Research and background: How individuals and groups experience and understand nature influences the way(s) that natural resource and ecosystem benefits are managed (i.e., studied, used and distributed through society). Because marine ecosystems and resources are the focus of increasing economic development and conservation attention, my work aims to build understanding about the ways that humans know, value and manage oceans. My research program builds around the themes of oceans governance, seafood production and consumption, and the diverse livelihood and political strategies of coastal communities.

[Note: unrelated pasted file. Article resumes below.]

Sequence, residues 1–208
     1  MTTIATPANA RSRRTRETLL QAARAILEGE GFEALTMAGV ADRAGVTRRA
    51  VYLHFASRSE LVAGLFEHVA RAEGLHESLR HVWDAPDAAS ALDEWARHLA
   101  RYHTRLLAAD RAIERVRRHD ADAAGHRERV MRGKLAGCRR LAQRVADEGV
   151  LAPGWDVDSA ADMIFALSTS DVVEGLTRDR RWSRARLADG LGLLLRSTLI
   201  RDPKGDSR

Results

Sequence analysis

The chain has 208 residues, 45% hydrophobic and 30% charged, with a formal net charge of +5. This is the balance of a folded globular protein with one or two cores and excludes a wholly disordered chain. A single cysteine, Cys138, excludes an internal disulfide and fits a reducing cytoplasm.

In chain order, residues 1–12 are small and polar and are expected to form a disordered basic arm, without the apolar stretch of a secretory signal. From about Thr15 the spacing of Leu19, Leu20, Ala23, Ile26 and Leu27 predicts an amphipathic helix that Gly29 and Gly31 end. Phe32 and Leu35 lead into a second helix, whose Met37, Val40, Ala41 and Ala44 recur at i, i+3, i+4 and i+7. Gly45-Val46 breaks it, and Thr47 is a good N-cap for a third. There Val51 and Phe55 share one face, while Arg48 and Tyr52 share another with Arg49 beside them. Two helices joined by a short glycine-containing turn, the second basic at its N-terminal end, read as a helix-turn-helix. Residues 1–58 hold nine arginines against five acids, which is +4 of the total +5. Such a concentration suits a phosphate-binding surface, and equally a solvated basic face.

To date, I have studied how/why fishers participate in marine conservation research in the Turks and Caicos Islands and the political drivers and social-ecological outcomes of initiatives for shellfish aquaculture expansion in British Columbia, Canada. Emerging research explores contemporary approaches to and perspectives on seafood production/consumption, with a focus on aquaculture expansion. I am also involved in collaborative research in coastal British Columbia, one objective of which is to identify and build effective and equitable relations amongst First Nations peoples, scientists and resource managers in the context of fisheries management and community economy.
SSHRC Postdoctoral Fellowship
SSHRC Doctoral Fellowship